At some historical point, modern thought leaders needed to listen to and value their own creativity to formulate their theories outside their culturally acceptable boxes. They had to weave together their absolute truths and go beyond the conformity edicts from their schooling. Consequently, we had the Civil Rights movement, Jung’s counter theories to Freud’s, and Sandra Lee’s Semi-Homemade food revolution.
When we acknowledge how we feel about our world around us and share it, we find a comfort and a trust within ourselves and in this experience, we are rewarded with praise and wonder. This is a basic premise for our existence and the magic of creativity.
Yet the outright fear I see in people’s faces when I mention the idea of allowing themselves to be creative is alarming. The general population is not supported in being true to themselves. Instead, they are told that if they do as they are told, stand in line, fit in, and prepare for the worst, they will live safe lives. Somehow safe became happy. And so we sell our individuality down the river for a promise of security.
But fitting in feels like crap. Being in the company of the people you know you belong with feels most like home regardless of whether you are related to them. Your values are the same, you see each other as you truly are, and you call them community.
The world isn’t a community, and it does not support individuality. Sure, unique creative people are rewarded with movie and music contracts to entertain the masses, but they still had to prove their creativity and uniqueness beforehand. They had to strike someone as being profitable too. We ironically crave to see it and are equally terrified by it.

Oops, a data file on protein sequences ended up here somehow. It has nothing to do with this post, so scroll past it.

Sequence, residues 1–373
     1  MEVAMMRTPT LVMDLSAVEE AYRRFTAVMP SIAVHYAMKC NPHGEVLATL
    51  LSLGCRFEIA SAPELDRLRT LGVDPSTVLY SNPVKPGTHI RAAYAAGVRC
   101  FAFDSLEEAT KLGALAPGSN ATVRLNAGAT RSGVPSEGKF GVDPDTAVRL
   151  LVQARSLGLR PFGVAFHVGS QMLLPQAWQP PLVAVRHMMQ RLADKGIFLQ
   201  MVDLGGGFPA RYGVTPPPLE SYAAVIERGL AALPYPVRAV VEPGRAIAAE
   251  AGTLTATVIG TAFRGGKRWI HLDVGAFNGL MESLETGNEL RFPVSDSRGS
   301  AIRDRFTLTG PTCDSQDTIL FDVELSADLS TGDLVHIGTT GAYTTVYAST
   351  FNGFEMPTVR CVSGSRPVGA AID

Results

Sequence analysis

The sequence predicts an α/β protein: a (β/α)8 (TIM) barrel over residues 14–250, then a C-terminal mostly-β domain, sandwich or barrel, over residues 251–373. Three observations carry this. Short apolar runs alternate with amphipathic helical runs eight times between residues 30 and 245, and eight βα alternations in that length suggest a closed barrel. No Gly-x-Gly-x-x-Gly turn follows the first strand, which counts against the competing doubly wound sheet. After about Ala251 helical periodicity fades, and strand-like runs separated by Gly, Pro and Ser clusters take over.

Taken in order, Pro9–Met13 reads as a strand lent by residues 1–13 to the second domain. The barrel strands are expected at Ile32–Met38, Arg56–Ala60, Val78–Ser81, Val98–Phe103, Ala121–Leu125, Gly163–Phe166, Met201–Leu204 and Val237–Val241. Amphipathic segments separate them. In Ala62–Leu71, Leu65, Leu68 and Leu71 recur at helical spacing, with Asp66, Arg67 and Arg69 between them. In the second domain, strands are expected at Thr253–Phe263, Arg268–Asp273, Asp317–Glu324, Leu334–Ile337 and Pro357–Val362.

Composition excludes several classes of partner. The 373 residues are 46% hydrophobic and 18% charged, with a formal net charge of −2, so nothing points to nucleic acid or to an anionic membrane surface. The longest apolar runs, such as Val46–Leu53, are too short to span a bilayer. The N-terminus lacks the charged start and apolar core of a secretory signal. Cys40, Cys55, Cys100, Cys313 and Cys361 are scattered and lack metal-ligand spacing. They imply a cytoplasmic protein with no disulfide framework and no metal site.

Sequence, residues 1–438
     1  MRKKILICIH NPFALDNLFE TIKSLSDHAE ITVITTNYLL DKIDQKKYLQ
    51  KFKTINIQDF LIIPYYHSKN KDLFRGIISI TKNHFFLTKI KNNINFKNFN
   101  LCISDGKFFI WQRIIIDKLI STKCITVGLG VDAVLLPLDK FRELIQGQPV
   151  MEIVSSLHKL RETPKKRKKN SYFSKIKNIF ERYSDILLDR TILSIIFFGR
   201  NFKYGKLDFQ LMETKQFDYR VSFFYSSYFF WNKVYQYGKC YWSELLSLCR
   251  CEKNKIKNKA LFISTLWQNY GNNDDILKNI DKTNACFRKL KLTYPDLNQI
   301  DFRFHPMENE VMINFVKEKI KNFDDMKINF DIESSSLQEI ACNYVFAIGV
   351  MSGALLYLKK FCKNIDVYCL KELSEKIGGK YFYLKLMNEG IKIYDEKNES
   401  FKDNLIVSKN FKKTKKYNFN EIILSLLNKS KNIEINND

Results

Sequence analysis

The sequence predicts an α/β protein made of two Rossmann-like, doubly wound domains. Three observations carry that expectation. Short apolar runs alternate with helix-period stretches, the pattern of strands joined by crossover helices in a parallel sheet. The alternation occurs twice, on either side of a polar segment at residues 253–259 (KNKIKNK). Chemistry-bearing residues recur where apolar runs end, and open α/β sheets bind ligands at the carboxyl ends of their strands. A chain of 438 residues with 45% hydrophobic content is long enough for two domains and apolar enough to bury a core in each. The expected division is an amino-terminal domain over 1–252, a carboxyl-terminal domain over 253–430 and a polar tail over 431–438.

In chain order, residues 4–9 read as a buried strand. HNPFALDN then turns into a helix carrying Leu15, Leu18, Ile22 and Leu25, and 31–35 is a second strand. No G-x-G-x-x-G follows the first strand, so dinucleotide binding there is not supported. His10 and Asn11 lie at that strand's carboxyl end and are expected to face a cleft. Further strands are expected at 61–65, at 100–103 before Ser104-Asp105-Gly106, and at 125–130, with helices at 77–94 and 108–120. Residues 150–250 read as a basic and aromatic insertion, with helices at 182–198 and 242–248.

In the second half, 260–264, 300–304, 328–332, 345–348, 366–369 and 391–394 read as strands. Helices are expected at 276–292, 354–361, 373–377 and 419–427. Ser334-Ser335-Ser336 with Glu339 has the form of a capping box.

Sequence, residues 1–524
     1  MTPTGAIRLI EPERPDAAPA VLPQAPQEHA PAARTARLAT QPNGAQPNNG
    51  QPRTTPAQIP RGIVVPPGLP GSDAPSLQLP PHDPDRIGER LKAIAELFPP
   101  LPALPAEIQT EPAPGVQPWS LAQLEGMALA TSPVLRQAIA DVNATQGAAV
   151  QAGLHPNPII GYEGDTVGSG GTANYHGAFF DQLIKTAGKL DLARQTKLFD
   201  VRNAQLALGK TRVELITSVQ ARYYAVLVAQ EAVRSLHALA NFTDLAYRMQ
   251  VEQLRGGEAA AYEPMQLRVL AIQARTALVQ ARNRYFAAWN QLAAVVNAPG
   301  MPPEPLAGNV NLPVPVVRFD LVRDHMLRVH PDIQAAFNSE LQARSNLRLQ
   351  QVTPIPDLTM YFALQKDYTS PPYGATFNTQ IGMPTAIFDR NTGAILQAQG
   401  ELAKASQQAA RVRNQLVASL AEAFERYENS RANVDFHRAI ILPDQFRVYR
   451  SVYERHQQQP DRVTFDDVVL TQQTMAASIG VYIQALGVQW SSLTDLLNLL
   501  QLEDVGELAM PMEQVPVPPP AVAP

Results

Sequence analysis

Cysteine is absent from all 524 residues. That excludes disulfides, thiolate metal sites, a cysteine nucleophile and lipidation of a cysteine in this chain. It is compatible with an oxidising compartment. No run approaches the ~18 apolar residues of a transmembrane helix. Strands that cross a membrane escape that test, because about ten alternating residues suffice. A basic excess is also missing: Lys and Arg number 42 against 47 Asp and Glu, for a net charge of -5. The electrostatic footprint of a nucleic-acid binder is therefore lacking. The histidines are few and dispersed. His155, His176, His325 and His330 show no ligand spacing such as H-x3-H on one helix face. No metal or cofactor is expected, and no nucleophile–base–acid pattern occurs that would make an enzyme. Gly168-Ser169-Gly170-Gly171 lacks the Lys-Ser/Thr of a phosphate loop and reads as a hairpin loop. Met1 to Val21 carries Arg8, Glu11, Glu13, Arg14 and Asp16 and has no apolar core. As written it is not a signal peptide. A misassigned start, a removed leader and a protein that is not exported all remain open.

What happens when we express our true selves and become vulnerable? We fear that we will be rejected, even outcast. It seems a sort of death of our safe selves. But creating truly has no bearing on our daily survival, right? But how can I ever trust people who like my false offering of myself? I mistrust those who do not know the true me and if I am not allowing for the true me to be seen, I will stay alone and suspicious of the world I long to belong to.
We are pack animals. Being alone only serves to make us nuttier. Perfectionism is only in our heads and keeps us from connecting with others. And connecting with others is where we truly live. Where we can find hope is in our collective humanity when we hear others telling the same stories we could tell of fear and loneliness and our experience with human drama.
When we do not practice our own individuality, we feel disoriented and disconnected from ourselves and there is no reflection of us in the world. This causes us strife and anxiety. Our purpose here is unclear and we just end up surviving and grieving what we don’t understand is our birthright to give ourselves. Not allowing ourselves to be creative and instead to search for ourselves by shopping in a discount store leaves us with a feeling of crazed hopelessness.
So where are the psychological statistics that support this need to shift our educational practices? Where are the warnings that tell us we are not what we buy! Nowhere because they aren’t profitable. And people do as they know. So, I guess the change is up to the people. In fact, it’s always been up to each of us.
We cannot possibly make any lasting differences in our world if we don’t prioritize our mental health first. And a society that considers anxieties and low self-esteem as a norm seems pretty powerless to make any changes. We need to start by trusting ourselves. If that takes a few anti-anxiety meds, group meetings, and some really ugly artwork, so be it.
Once you see what you can break free of, you can never truly see things the same way again. And your hope and self-trust spreads as you reach your hand out to help the next person see a little light in their dark world. Hope is a gift you give yourself and one you can eventually help to give your world. It is my hope that just one person today shifts their perspective and sees their need to create.
Our shift to prioritize our creativity and come from our truer selves will support the change we want in the world. This is the very first thing we can do.
I call it Creative Soul Living.
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